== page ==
Editor’s note: Trevor Chamberlain and I go way back. He and I met in Sophomore English class and he introduced me to Reservoir Dogs and La Femme Nikita. In some ways, he’s an important component of how I got to this point. We also spent a lot of time shooting the shit about comic books. These days, I write about movies and Trevor makes them. He also makes the annual pilgrimage to San Diego for Comic Con where it was said that this year he won tickets to a screening of Scott Pilgrim and wound up high fiving Edgar Wright so hard that his hand fell off. Honestly, I don’t think that last part is true but when I found out that he was going to see Scott Pilgrim it took me about five minutes to press gang him into service for Cinema S and boldly demanded that he review the movie. I’m fucking dying to see this flick and I am very literally green with envy so without further adieu, here’s a review of Scott Pilgrim vs. The World by Trevor Chamberlain.
If you love comic books…. I mean REALLY love comic books. Then you are most likely a Scott Pilgrim. The same goes if you are a movie geek, an LP collector, and especially if you’re all three (like most of us). It’s a fate that you simply must accept. Though, please keep in mind that Scott Pilgrim wins in the end. Hey! I didn’t spoil anything here. Once you’ll see the movie, you will understand. Edgar Wright’s (BBC’s Spaced, Hot Fuzz) insane smorgasbord of all things “nerd” is both the film he has been working towards his entire short career and the film we have been waiting most of our cardboard comic box existences for. Go ahead and dare your friends who’ve seen it to spoil it for you. There is nothing to spoil. This film is about the experience of it. And what an experience Scott Pilgrim vs. The World is.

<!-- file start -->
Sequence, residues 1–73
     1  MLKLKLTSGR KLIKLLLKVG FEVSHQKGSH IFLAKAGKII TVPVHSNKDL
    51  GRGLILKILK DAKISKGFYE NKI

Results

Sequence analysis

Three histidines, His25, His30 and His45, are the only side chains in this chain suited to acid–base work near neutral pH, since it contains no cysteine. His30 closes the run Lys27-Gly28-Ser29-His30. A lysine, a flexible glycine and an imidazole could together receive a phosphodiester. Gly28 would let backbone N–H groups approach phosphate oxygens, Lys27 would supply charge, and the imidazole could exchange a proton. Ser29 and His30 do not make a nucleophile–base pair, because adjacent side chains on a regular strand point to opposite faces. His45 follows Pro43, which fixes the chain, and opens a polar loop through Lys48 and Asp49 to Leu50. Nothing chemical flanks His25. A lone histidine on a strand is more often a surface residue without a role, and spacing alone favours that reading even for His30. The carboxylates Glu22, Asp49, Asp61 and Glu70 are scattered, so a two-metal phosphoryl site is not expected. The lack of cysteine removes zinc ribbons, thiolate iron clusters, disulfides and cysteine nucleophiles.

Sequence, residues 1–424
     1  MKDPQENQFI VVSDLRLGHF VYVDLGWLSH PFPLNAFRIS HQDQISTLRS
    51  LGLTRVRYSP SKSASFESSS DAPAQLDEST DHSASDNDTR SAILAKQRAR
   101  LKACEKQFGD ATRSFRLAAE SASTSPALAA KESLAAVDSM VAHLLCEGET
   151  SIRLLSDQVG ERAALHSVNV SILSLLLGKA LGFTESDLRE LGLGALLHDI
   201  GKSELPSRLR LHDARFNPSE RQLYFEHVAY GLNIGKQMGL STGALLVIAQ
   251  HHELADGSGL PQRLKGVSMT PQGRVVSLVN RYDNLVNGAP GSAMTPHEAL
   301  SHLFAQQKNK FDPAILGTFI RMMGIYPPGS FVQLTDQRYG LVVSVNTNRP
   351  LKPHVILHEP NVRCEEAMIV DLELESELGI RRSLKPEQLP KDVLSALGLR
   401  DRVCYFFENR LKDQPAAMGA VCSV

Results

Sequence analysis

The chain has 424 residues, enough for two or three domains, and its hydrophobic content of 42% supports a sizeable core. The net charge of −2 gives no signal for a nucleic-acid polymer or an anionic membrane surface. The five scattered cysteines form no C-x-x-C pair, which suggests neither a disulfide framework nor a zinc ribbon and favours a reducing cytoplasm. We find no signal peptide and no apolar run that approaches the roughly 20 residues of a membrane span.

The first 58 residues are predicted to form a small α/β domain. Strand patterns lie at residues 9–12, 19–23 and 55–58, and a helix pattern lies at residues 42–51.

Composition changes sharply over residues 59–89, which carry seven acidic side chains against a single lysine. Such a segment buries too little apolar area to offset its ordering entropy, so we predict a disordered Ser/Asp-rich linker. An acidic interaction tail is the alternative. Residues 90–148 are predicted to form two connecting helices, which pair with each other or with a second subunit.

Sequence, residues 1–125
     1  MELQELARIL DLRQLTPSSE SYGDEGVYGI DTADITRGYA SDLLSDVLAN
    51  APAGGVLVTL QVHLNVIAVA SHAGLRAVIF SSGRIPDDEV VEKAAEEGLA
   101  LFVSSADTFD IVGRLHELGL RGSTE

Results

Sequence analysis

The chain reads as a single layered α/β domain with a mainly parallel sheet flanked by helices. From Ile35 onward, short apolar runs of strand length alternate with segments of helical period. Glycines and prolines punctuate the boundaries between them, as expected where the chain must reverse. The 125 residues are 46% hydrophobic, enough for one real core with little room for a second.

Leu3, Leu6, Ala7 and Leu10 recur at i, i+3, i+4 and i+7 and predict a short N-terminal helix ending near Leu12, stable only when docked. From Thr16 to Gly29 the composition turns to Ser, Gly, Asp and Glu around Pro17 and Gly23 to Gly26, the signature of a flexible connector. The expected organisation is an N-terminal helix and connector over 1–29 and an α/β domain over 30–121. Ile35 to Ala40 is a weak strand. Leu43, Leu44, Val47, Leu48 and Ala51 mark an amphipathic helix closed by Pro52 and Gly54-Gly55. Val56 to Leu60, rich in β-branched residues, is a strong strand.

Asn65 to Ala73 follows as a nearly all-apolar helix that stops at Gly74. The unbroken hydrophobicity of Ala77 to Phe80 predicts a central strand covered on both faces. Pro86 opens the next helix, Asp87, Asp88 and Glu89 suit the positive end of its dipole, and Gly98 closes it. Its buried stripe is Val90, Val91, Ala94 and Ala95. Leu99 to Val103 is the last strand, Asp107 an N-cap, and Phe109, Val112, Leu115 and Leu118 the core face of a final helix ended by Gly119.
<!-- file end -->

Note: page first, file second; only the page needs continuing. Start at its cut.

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Back in the day, my friends and I used to frequent this dumpy video store in Dover, New Hampshire for their horror section. They seemed to have a distinct lack of mainstream stuff and an overabundance of the cheapest garbage around. We binged on shockfests like the Shocking Asia series and Fulci flicks but the one that kept us coming back again and again, until one of us eventually just stole the fucking thing, was a no-budget cheapie called Attack of the Killer Refrigerator. The premise was that some guy’s fridge is forcibly de-iced during a raucous party and the following day it takes revenge by attacking everyone foolish enough to go for a snack. At one point, the refrigerator breathes fire and then charges across the room at its victim, some dude clearly behind it pushing it on wheels. It was a staggering feat of bullshit. A movie that should not, under any circumstances, exist. It is the worst movie I’ve ever seen and a film that leaves people with the impression that I’ve made it all up. I assure you, this picture is real.